These few paragraphs from the Episcopal Life Online report on the enthronement of the new Sudanese primate the Most Rev. Daniel Deng Bul caught our eye:
Archbishops Benjamin Nzimbi of Kenya and Emmanuel Kolini of Rwanda, along with bishops and priests representing many of the Anglican Communion's 38 provinces, were led in procession by a marching band and massed choir that included a troupe of trumpeters from the Sudanese Diocese of Yei.
An ecumenical delegation from the U.S.-based Episcopal Church and the Evangelical Lutheran Church in America (ELCA) included Episcopal Diocese of Chicago Assisting Bishop Victor Scantlebury, officially representing Presiding Bishop Katharine Jefferts Schori; the Rt. Rev. Francis Gray, former assistant bishop of the Episcopal Diocese of Virginia and diocesan of Northern Indiana; the Rev. Howard Wennes, retired ELCA bishop of the Grand Canyon Synod and interim president of California Lutheran University; and the Rev. Duane Danielson, ELCA bishop of the North Dakota Synod.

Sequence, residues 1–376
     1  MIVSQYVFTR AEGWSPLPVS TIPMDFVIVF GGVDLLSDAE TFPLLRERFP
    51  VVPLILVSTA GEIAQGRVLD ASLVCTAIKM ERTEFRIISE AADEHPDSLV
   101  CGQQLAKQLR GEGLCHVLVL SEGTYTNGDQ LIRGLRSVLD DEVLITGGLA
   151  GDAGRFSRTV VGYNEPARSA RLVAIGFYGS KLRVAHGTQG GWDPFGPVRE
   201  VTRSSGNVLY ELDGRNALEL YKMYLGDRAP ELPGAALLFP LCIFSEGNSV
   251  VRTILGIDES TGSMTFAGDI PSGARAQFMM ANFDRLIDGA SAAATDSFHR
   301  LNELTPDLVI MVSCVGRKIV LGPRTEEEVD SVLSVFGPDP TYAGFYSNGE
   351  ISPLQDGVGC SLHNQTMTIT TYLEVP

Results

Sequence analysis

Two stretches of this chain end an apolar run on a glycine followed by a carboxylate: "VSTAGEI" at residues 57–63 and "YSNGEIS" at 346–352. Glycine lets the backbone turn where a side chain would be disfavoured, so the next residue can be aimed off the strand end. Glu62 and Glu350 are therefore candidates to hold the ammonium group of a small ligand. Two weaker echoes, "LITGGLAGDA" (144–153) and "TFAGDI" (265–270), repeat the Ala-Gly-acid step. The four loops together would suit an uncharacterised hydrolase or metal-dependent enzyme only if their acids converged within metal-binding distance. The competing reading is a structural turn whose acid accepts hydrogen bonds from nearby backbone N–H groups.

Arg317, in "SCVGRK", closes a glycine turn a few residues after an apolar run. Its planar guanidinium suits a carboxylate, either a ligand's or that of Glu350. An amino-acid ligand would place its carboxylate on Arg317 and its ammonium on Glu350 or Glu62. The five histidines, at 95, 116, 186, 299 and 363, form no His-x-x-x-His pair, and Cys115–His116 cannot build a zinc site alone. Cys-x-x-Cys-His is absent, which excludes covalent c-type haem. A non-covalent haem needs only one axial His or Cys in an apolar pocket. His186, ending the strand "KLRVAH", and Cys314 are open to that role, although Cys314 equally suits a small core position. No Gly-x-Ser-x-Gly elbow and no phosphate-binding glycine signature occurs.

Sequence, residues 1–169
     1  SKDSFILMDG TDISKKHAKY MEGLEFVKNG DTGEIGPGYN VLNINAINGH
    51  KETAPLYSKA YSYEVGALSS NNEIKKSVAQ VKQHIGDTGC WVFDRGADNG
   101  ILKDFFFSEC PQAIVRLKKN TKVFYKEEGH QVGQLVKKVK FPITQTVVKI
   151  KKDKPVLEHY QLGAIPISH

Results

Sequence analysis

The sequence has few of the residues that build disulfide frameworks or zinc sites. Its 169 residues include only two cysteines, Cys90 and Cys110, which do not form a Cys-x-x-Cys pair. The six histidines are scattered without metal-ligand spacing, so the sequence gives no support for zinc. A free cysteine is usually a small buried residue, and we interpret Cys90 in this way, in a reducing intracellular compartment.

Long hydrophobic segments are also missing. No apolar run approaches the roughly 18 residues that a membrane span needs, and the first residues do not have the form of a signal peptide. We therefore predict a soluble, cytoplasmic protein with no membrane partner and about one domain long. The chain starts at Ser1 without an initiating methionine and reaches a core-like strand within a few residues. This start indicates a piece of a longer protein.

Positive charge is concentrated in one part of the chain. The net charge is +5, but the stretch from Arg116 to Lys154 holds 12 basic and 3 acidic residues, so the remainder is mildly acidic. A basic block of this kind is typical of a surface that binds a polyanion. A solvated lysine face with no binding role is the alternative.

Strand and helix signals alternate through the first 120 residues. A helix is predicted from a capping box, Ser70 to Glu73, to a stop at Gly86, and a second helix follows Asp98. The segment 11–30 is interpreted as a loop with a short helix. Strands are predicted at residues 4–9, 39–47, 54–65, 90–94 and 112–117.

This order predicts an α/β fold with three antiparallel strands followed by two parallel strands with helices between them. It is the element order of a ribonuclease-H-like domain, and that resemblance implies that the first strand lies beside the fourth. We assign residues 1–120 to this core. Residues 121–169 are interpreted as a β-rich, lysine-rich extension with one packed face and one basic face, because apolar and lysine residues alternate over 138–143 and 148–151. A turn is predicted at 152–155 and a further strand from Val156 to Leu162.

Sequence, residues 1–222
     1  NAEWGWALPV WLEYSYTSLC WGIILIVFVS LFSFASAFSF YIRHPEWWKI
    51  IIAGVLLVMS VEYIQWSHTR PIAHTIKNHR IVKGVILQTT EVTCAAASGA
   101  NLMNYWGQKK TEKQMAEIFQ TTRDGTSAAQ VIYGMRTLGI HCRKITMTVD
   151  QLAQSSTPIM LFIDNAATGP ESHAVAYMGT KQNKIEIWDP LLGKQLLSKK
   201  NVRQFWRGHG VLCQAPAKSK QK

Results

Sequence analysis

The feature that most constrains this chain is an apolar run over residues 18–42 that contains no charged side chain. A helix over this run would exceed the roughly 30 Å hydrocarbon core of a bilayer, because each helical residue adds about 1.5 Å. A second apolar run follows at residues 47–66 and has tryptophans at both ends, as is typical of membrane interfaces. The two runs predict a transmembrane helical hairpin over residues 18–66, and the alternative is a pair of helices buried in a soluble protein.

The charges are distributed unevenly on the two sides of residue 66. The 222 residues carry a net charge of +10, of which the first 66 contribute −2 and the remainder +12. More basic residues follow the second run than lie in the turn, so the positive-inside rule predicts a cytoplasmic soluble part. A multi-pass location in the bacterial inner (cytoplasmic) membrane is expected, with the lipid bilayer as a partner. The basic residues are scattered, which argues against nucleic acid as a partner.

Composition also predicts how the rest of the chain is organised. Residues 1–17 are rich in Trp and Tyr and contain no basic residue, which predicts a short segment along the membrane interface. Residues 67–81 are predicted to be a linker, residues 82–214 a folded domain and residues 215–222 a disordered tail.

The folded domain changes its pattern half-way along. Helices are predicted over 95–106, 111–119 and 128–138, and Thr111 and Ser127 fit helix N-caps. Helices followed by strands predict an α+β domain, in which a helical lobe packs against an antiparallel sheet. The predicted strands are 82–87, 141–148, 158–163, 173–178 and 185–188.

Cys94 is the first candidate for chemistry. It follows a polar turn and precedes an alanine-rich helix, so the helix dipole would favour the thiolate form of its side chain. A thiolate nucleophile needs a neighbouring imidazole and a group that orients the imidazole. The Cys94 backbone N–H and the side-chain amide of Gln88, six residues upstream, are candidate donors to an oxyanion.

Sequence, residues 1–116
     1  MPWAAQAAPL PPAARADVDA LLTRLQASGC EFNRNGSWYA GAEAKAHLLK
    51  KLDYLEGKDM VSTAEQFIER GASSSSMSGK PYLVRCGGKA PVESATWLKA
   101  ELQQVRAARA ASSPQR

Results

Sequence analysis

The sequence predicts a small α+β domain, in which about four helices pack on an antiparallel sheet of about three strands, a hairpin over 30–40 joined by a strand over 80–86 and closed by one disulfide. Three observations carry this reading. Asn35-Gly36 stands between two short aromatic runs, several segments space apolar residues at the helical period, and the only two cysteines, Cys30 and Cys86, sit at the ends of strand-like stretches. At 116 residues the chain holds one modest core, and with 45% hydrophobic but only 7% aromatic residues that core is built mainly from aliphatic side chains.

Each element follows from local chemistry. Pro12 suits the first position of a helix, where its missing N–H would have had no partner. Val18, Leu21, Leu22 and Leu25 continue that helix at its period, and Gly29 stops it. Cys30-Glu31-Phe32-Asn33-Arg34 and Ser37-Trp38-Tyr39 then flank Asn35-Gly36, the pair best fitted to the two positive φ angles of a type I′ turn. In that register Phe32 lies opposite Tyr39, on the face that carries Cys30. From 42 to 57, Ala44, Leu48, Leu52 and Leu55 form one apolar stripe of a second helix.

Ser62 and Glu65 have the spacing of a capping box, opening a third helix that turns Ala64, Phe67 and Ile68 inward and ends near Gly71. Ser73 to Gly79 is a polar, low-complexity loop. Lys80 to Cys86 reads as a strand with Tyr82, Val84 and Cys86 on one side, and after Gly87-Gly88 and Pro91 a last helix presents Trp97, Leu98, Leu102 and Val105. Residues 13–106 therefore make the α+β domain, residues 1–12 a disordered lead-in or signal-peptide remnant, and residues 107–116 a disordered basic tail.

Representing the Diocese of Virginia, which is among the seven Episcopal Church dioceses in the U.S. that share a companion relationship with ECS, was Bishop Coadjutor Shannon Johnston; Buck Blanchard, world mission coordinator; and Russ Randle, lay deputy to General Convention.
The Kenyan and Rwandan archbishops each support breakaway congregations in the United States. Neither will take Communion with Presiding Bishop Katharine Jefferts Schori of the Episcopal Church. Yet, there they were at Archbishop Deng's consecration with representatives of the Episcopal Church.
This is all to the good. Indeed, it is cause for celebration. But if Archbishops Nzimbi and Kolini are sometimes willing to commune with Episcopalians and sometimes not, if they are sometimes willing to take part in Communion affairs and on Anglican Communion panels with Episcopalians and sometimes not, it does prompt certain questions about the nature of the schism that some of their supporters in the United States and the United Kingdom keep proclaiming has already taken place. Is the schism "on" when political advantage can be gained by playing to the secular media and "off" when it is time to get about the business of ministry in desperate places like Sudan?
There is more on the Episcopal Church's relationship with the Church in Sudan here.
UPDATE. Check out the photos at the Diocese of Virginia website.